There was more choice in radial engines: The older Pratt & Whitney R-1830, and the new the Wright R-2600 and Pratt & Whitney R-2800. These air-cooled radial engines had a larger frontal area than the V-1710, and thus generated more drag. For the R-2600 and R-2800 this was compensated for by their power: While the V-1710 was hoped to deliver about 1150hp, the R-2800 was expected to generate 2000hp and more, and the R-2600 1500hp. Radial engines were chosen by Brewster, Grumman, Vought and Curtiss. Grumman proposed a development of the F4F Wildcat, that would be powered by the R-2600 engine. Brewster, manufacturer of the F2A Buffalo that had been the US Navy's first monoplane fighter offered designs with the R-2600 or R-2800. Curtiss proposed developments of the P-36 Mohawk, powered by either the R-2600 or the older R-1830 engine.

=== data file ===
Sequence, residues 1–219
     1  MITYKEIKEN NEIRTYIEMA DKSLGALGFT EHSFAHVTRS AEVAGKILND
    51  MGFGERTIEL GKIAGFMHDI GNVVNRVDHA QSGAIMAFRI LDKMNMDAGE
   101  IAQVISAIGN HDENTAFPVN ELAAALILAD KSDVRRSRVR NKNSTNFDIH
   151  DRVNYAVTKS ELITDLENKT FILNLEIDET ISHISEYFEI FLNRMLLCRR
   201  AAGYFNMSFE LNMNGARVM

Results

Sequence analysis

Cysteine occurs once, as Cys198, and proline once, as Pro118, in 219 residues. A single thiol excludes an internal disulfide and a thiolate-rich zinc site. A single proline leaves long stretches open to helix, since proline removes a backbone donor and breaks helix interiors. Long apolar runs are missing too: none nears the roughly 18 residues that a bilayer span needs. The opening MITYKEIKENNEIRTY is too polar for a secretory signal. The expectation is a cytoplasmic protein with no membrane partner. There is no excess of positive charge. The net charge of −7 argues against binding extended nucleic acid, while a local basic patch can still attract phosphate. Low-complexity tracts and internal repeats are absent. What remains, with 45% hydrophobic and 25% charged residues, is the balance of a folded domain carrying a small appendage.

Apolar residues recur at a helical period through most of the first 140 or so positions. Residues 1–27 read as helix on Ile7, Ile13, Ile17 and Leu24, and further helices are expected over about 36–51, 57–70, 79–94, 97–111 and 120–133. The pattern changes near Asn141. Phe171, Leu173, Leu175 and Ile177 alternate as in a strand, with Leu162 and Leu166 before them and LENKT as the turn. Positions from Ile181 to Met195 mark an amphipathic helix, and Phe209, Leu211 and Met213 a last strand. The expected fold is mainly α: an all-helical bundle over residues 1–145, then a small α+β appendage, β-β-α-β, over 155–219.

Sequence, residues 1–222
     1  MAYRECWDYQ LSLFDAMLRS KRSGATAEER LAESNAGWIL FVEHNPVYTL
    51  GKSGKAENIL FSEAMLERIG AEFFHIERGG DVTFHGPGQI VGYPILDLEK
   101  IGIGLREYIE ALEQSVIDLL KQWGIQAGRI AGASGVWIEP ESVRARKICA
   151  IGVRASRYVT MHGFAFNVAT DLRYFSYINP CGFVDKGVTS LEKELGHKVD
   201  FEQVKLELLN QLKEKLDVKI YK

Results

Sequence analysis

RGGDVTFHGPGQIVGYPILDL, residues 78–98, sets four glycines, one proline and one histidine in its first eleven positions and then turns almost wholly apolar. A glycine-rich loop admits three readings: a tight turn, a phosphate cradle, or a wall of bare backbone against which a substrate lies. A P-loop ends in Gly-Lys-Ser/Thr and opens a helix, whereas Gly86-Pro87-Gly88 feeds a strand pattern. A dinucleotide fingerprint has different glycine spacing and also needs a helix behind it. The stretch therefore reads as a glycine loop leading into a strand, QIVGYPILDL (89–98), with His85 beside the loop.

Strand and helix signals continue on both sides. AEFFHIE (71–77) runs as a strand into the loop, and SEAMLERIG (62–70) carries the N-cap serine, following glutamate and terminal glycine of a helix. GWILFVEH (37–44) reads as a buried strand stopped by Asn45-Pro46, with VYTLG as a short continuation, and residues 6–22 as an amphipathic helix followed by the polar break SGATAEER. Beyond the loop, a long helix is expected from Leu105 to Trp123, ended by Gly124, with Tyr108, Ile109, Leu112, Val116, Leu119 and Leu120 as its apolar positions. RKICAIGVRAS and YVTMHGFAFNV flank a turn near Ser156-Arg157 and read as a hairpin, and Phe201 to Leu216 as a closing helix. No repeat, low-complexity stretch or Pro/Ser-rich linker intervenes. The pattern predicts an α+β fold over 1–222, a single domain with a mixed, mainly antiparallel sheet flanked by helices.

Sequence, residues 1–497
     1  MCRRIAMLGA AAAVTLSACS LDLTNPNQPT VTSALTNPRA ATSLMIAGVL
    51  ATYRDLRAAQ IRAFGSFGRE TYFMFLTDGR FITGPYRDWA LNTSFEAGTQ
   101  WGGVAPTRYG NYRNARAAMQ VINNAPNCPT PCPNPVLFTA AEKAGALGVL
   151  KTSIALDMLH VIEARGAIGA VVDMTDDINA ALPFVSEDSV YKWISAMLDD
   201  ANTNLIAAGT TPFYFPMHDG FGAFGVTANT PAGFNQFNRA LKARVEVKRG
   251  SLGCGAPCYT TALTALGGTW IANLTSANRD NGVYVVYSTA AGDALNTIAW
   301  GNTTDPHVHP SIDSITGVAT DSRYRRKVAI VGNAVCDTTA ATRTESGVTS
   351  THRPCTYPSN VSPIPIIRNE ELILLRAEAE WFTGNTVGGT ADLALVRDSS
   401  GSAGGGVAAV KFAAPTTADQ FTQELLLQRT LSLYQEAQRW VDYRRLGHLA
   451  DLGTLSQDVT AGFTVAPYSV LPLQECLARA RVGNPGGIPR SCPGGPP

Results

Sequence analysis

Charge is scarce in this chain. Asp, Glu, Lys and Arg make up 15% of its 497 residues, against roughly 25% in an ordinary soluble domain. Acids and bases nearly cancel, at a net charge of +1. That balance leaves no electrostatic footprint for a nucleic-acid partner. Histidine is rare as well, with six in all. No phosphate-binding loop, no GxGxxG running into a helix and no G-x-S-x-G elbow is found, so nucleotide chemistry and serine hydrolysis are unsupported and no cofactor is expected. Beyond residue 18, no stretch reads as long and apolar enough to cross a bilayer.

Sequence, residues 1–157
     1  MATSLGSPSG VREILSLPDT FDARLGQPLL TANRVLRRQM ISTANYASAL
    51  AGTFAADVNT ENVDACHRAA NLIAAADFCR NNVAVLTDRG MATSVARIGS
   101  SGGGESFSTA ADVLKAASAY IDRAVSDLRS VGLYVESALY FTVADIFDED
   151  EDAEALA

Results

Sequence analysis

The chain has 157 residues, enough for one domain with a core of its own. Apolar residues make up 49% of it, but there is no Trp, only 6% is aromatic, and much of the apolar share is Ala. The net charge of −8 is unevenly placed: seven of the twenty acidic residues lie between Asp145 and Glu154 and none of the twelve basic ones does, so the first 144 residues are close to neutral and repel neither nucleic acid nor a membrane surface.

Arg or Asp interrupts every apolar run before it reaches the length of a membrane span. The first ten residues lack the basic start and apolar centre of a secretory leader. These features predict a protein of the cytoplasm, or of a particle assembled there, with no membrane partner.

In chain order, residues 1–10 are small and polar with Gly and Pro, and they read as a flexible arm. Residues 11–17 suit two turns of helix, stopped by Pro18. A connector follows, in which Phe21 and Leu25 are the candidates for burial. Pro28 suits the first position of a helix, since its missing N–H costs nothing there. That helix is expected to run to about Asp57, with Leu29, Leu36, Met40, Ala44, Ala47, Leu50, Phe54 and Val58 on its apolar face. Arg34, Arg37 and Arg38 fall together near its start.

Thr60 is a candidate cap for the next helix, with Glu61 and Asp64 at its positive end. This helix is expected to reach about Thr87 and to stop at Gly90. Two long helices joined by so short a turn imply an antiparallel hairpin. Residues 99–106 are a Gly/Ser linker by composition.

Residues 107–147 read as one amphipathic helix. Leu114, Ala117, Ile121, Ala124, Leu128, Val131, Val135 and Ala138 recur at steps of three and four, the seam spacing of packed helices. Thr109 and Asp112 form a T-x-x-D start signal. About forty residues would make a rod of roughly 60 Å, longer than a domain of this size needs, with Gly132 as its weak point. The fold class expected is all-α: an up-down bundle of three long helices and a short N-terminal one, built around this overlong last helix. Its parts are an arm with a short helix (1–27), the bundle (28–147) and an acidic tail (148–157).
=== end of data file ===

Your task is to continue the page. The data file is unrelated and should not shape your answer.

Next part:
In April 1938, Vought proposed its two designs to the US Navy. One, called V-166A by Vought and "Vought A" by the USN, was powered by the R-1830. The other, the V-166B or "Vought B", was designed around the new Pratt& Whitney R-2800 Double Wasp radial engine. This was an 18-cylinder, two-row air-cooled radial. This engine would later also be installed in the competing Grumman F6F Hellcat and in the Republic P-47 Thunderbolt for the USAAF, but the new Vought fighter was the first to use this engine. The R-2800 later acquired a reputation as a powerful and very reliable engine. But it was also very bulky, and aircraft powered by it tended to be big.

 

In May 1938, the Bureau of Aeronautics evaluated the proposals. The "Vought B" was deemed to be the best one, with a merit figure of 86.4 on a scale from 0 to 100. Hence on 11 June, a contract was given for development of the Vought V-166B, the fighter that would become famous as the F4U Corsair.